2. We don't really know why.
  3. Er... that's it.

Yes, I'm being harsh, but I'm underwhelmed by the report and I find some of the statements in it unconvincing. I'll present some of their main findings and talk through them. I encourage you to read the report for yourself and reach your own conclusions.

(We don't know why we didn't get the results right.)

Factors they ruled out for 2020

  • Late-breaking changes in favor of Republican candidates. This happened in 2016, but didn't happen in 2020. The polls were directionally consistent throughout the campaign.
  • Weighting for education. In 2016, most polls didn't weight for education and education did seem to be a factor. In 2020, most polls did weigh for education. Educational weighting wasn't a factor.
  • Pollsters got the demographics wrong. Pollsters don't use random sampling, they often use stratified sampling based on demographics. There's no evidence that errors in demographics led to widespread polling errors in 2020.
  • People were afraid to say they voted for Trump. In races not involving Trump, the opinion polls were still wrong and still favored Democratic candidates. Trump wasn't the cause.
  • Intention to vote vs. actually voting. The results can't be explained by voters saying they were going to vote but who didn't actually vote. For example, if Democratic voters said they were going to vote Democratic and didn't actually vote, this would explain the error, but it didn't happen.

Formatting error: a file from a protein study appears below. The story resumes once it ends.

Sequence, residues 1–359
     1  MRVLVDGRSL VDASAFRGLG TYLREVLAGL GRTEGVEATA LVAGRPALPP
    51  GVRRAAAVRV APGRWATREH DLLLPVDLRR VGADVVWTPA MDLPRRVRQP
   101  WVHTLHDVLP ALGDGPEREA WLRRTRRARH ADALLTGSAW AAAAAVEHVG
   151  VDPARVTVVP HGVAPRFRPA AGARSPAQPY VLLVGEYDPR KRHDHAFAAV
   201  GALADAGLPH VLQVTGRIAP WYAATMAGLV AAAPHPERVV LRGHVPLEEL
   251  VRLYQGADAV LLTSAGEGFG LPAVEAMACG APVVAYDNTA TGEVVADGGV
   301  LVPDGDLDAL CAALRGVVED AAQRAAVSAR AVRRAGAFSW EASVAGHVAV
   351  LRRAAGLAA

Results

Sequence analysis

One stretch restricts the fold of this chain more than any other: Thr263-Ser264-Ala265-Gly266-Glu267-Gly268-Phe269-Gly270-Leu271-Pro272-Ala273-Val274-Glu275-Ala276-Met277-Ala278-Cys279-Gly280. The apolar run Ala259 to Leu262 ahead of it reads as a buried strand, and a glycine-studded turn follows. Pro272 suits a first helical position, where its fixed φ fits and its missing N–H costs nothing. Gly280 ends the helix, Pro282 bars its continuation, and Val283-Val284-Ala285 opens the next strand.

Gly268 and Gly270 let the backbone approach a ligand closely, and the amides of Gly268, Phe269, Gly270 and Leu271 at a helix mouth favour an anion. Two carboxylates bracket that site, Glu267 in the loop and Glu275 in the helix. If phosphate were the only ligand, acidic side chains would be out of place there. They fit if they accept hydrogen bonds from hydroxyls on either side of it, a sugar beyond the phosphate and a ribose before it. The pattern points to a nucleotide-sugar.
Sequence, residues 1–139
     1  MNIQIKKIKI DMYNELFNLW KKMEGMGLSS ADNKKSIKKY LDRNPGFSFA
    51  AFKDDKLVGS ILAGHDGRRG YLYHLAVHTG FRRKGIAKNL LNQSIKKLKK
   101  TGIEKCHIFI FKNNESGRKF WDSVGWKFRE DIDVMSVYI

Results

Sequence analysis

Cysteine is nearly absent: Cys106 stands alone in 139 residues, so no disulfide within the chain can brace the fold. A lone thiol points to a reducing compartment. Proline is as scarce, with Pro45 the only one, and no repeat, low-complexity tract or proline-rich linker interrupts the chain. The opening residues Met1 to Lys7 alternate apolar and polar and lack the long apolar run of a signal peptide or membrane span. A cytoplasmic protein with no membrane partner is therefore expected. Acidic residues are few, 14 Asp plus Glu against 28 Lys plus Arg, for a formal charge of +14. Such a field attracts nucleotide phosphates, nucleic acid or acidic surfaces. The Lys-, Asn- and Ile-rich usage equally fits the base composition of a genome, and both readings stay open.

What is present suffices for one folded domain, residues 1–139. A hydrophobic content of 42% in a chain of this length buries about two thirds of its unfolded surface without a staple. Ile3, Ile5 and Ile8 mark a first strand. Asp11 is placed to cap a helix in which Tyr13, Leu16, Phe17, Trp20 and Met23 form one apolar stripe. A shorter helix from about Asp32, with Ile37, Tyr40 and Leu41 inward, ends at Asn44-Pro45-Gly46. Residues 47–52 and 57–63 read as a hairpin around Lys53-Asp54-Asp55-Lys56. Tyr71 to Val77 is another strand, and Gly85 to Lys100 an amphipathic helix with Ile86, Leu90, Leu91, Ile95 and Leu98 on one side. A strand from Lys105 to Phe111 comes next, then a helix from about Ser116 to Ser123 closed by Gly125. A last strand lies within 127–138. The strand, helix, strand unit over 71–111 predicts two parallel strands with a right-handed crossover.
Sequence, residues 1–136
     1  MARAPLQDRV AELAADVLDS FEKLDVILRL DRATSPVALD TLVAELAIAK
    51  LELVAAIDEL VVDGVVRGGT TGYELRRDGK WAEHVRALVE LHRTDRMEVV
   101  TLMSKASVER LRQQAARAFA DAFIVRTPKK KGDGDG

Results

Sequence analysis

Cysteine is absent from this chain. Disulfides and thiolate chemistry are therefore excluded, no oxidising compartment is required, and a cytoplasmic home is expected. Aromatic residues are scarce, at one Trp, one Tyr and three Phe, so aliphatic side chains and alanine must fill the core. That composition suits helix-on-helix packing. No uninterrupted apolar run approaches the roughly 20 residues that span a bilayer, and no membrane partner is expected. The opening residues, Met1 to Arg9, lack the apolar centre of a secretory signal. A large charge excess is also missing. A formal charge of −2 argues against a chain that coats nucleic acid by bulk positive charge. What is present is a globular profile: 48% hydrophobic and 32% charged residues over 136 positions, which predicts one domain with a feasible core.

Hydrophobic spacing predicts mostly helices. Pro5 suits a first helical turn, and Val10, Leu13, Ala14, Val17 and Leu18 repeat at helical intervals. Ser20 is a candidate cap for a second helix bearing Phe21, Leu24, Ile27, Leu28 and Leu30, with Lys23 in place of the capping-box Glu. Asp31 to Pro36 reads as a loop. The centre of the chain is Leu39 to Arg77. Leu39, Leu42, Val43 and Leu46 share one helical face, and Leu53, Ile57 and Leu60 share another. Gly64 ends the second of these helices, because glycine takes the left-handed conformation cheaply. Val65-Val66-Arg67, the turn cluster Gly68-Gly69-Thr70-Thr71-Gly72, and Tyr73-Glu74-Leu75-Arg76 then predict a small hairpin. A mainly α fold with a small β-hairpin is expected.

• Proportion of early voters or election day voters. Early voting/election day voting didn't make a difference to the polling error.

Factors they couldn't rule out

  • Republican voters chose not to take part in surveys at a higher number than Democratic voters.
  • The weighting model used to adjust sampling may have been wrong. Pollsters use models of the electorate to adjust their results. If these models are wrong, the results will be biased.
  • Many more people voted in 2020 than in 2016 ("new voters" in the report) - maybe pollsters couldn't model these new voters very well.

Here's a paragraph from the report:

"Unfortunately, the ability to determine the cause or causes of polling error in 2020 is limited by the available data. Unless the composition of the overall electorate is known, looking only at who responded says nothing about who did not respond. Not knowing if the Republicans (or unaffiliated voters, or new voters) who responded to polls were more supportive of Biden than those who did not respond, for example, it is impossible to identify the primary source of polling error."